The parallel circuits were worse, of course. If you wire three LEDs of different kinds/voltage tolerances into a parallel circuit, that usually blows the LEDs out, and there’s not much to do but toss them. Even if they’re the same, the LEDs divide their voltage by their quantity, so the parallel LEDs drew about 0.67V of a 9V battery. The pop of their death was audible.
Today was a particularly special class. We built a battery. I showed the students how to soak paper towels in lemon juice, and place them in the right order, in stacks, between pennies and zinc washers. We were able to build an extremely wet, lemon-scented battery that could light LEDs for short periods of time — basically until the lemon juice dried out —out of stacks of ten of these penny/lemon juice paper/zinc washer power units. I think the multimeter indicated that our strongest battery today was about six volts.
Near the end of class, I broke out a copy of the Periodic Table of Elements. We realized that the battery we built was exploring and exploiting the differences between copper and zinc, which are on the same row but in adjacent columns of the PToE. And then we looked how Nickel-Cadmium batteries and lead-acid and lithium ion batteries might each exploit differences between different elements.
Is what I taught them today perfectly right? No. But they learned that perfectly ordinary household products can generate electricity under the right circumstances, and that the right circumstances involve finding one or two metals and an acid which works with and against both metals.
I’m most impressed with our second graders, though. We wound up having to have a serious conversation about safety, and they got it. They got themselves calmed down and pulled together, and we had a great class after that. More than that, I showed them how to set up a work station for themselves: a knolled pair of scissors, a stack of pennies and a stack of washers, a cup of lemon juice, a little tray to hold their parts. They learned how to use a multimeter and how to share a multimeter, and how to teach each other to use the multimeter. And they learned how to clean up from this kind of work, too.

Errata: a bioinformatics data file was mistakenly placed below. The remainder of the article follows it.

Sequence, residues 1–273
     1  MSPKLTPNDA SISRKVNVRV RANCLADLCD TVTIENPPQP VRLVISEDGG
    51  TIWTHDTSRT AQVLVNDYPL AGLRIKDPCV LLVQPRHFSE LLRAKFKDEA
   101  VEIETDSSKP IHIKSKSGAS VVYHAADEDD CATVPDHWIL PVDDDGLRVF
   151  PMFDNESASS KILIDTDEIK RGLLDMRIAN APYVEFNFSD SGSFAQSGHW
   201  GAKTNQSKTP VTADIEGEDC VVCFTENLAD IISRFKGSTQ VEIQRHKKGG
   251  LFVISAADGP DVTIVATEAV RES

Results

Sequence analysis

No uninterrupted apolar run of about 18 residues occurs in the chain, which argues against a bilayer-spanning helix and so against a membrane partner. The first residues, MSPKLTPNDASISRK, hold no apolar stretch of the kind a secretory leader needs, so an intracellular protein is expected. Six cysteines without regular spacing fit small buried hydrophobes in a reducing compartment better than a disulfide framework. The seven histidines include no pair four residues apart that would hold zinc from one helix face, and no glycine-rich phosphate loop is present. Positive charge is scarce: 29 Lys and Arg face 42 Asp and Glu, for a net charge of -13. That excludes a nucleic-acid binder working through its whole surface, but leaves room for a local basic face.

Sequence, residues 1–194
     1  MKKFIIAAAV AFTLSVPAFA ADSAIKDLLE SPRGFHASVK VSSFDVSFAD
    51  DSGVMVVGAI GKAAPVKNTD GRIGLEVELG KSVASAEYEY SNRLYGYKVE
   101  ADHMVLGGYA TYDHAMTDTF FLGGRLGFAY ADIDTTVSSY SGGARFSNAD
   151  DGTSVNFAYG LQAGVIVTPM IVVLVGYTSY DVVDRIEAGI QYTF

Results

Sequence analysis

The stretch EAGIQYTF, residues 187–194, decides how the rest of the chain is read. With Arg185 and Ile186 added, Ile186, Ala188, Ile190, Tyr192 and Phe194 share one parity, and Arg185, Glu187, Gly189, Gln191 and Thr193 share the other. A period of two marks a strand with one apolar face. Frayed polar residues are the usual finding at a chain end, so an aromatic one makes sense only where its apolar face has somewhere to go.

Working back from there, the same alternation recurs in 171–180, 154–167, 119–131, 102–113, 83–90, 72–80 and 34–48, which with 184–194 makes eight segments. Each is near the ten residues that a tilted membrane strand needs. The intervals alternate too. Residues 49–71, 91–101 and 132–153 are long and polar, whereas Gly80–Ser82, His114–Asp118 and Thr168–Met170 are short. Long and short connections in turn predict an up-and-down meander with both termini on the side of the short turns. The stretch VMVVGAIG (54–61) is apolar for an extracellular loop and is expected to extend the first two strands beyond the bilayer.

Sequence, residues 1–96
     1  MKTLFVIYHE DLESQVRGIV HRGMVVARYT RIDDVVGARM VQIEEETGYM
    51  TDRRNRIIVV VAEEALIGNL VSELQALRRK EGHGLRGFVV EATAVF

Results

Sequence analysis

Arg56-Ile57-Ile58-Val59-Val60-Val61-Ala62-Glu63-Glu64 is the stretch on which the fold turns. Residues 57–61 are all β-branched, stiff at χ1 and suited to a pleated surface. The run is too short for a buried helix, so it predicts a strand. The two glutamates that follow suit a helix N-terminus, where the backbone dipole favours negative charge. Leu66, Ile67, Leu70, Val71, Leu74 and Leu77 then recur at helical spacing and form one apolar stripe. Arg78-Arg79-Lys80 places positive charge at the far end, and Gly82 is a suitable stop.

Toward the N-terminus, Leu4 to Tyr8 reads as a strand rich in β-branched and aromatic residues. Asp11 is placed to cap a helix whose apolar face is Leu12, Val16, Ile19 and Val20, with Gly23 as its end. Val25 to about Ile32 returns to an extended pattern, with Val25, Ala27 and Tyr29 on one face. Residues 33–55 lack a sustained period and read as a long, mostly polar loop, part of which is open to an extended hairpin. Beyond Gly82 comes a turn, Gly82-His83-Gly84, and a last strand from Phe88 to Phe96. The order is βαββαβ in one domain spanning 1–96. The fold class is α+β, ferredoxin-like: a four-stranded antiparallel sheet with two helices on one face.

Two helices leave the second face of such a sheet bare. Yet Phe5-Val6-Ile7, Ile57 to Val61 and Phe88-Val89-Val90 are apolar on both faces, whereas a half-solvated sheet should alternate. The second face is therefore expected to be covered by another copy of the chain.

I’m sure we’ll have to have that conversation again about safety — it’ll be one of those conversations we’ll have again and again over the next six years that most of them will be at my school. But kids all over school had a chance to see our batteries in action, to know that they work. More and more parents and teachers are seeing the real, hands-on value of our Design Thinking classes — and the kids are having a lot of fun while learning complicated things.
After we return from break, we have a few more classes, and I’ll try to write about those, too — in which we’ll learn to make a simple motor, to make a wiggle-bot, and maybe a miniature Van de Graff generator. I have to see if I can build those last two over our winter vacation, next week.
I feel like such a mad scientist these days. And very much like a magician.